“Do you need to grab your purse?” Richard asked.

“I don’t carry one.”

“Are you ready to go then?”

“Yes.” The DJ began to play AC/DC.

This time, we made love in my husband’s and my bed most of the night. I kept thinking about that night of strip poker and at one point, I asked, “Do you love me, Richard?”

He didn’t answer. He lay there, quiet.

You do love me because you made love to me.

The next morning I woke to a sober realization. I cheated on my husband again, and this time, it was my choice.

“Good morning, Dick. It’s time for you to go,” I said as I lit one of his cigarettes. I pulled in the smoke and immediately choked on it.

“Huh?” Richard said disoriented from the rapid wake-up and the slap that followed the words.

“It’s time for you to get out. I have to go to work.” I pulled on the smoke again, forced it to stay in my lungs, and immediately choked again.

“Okay,” Richard said as he rolled his naked body out of bed and ran his fingers through his dark brown hair. “Can I see you again tonight?”

“I don’t know, Dick. It depends on how drunk I get before I see you.”

Richard sniggered as he sat on the edge of Chuck’s side of the bed and pulled his clothes on, and then he said, “I’ll be happy to buy.” I gave Richard the rest of his cigarette.

I noticed bloody foot prints on the floor of my hall as I ventured down it to the bathroom for a shower. I avoided stepping on them, and they were still there when I got out of the bathroom. When I got to my bedroom to dress, the pack of Marlboro reds was still on the nightstand, but Richard was gone.

It didn’t happen.


That morning at work crawled. The monotonous engraving set a pace that kept me in my mind all morning. You shouldn’t have gone out. Put the brass plate between the clamp. You shouldn’t have drank. Check the distance. You could have done something. Adjust the point. It’s your fault. Place the templates. You cheated on your husband. Carve the letters. The process repeated until lunch. It was Kelly’s day off, so I ate lunch behind the counter.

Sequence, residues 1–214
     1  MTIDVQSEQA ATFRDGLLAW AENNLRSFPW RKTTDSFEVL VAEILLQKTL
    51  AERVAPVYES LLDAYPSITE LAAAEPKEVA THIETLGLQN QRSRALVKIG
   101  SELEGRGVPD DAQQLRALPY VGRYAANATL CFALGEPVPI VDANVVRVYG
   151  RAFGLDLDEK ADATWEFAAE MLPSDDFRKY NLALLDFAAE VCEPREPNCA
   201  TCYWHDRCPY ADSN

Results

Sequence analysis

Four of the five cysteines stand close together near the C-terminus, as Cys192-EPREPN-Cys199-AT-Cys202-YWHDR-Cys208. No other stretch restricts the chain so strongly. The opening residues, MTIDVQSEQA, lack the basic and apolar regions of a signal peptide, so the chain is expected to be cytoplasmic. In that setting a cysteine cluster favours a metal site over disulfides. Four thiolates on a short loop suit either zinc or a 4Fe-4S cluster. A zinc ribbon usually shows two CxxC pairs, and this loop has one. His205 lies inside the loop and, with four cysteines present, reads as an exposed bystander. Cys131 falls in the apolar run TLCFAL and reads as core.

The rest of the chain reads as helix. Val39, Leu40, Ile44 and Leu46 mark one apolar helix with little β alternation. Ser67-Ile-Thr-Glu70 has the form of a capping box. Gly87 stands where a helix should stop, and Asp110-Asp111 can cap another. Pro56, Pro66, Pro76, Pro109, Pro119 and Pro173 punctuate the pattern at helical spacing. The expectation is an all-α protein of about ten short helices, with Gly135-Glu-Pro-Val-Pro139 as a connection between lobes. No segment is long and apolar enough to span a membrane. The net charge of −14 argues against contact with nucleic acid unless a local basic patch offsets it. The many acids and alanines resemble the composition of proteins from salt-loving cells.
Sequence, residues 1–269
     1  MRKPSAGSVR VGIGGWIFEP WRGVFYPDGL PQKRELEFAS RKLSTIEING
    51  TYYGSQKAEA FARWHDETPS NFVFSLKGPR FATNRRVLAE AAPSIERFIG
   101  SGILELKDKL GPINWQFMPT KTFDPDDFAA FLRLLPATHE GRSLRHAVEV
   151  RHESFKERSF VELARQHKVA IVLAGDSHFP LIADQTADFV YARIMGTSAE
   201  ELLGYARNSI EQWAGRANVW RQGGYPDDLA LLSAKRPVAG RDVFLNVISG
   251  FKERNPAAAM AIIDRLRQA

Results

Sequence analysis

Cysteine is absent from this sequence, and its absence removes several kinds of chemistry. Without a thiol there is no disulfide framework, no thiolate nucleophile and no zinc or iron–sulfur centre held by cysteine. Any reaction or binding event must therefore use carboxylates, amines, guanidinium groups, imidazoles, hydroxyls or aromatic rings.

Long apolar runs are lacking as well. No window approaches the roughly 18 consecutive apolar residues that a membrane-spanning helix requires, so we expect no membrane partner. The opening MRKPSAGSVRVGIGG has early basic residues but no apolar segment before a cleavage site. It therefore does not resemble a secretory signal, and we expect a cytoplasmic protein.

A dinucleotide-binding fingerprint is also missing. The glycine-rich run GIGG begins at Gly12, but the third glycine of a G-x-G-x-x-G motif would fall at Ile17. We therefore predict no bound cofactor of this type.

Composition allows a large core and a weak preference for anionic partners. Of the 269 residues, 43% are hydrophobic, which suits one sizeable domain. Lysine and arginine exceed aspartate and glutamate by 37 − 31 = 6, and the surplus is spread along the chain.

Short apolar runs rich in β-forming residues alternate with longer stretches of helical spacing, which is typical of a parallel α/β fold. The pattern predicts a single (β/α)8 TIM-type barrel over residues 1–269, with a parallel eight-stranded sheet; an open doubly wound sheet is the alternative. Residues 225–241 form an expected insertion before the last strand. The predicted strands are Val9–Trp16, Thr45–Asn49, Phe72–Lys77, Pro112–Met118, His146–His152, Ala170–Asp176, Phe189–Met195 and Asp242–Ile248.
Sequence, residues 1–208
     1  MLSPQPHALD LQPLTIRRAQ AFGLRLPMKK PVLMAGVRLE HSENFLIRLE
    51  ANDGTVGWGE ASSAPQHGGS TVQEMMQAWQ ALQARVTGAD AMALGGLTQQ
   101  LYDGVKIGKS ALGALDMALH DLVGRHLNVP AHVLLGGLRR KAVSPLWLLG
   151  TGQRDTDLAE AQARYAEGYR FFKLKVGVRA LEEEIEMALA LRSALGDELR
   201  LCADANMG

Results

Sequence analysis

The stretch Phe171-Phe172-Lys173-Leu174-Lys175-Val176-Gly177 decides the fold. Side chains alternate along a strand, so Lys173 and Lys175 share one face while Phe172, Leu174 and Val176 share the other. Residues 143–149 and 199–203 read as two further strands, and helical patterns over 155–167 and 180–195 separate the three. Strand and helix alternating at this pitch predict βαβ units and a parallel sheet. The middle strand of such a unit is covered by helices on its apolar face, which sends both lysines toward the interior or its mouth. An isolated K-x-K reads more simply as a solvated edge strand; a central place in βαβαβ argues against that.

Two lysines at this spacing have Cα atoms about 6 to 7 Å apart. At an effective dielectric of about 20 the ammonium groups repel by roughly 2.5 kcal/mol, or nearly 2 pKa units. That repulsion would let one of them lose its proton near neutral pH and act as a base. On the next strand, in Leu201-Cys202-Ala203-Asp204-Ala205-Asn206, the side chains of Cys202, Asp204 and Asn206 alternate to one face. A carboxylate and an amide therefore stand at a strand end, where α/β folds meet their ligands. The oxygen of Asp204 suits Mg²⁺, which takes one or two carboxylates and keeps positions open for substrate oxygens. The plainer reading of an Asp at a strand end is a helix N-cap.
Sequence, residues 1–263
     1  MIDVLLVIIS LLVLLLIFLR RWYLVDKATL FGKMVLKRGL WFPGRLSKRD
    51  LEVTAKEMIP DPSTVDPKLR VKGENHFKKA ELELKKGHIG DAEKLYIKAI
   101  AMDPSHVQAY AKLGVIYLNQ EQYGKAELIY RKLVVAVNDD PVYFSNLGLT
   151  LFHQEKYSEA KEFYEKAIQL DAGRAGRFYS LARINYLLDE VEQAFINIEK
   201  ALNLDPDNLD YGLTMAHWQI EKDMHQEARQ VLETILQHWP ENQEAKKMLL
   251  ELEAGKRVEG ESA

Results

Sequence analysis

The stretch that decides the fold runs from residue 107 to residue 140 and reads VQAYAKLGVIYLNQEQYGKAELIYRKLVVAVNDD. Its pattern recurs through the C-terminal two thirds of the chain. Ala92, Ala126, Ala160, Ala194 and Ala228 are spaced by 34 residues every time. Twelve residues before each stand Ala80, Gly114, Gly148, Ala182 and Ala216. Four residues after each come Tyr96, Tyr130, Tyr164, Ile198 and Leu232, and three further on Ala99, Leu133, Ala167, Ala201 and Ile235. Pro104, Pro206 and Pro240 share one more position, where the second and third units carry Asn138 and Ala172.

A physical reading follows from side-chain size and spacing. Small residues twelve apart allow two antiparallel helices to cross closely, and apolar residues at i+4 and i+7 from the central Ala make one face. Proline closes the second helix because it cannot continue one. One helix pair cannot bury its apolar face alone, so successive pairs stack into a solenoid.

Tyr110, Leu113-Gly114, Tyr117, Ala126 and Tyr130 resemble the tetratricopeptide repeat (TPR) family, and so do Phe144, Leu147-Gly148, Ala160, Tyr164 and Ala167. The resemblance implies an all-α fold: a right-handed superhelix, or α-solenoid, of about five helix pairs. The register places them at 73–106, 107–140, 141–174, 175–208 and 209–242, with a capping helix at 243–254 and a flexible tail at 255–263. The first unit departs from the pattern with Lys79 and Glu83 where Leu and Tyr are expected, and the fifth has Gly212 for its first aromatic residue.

“Hey, Lilian,” Dick called from my right.

I jumped from my thoughts and looked up. Dick smiled and asked, “How’re you today?”

My skin immediately started to crawl. I rolled my eyes at him and looked back down at my sandwich. He kept talking about something random and insignificant. He was trying to make small talk, trying to make things okay.

Dick finally got to the point, “Do want to meet me at the e-club for a drink after work?”

“I think I’m going home after work.”

“Aw, come on. It’ll be fun.”

I knew what it was. I knew exactly what Dick wanted from me. I didn’t want him.

“I can’t tonight. I feel sick.”

Dick went on talking and trying to seem concerned about how I was feeling. Maybe he was. In the end, he gave up trying to persuade me and left.

I went back to work.

Put the brass plate between the clamp. It’s your fault. Check the distance. You could have done something. Adjust the point. It’s your fault. Place the templates. You should’ve said no. Carve the letters.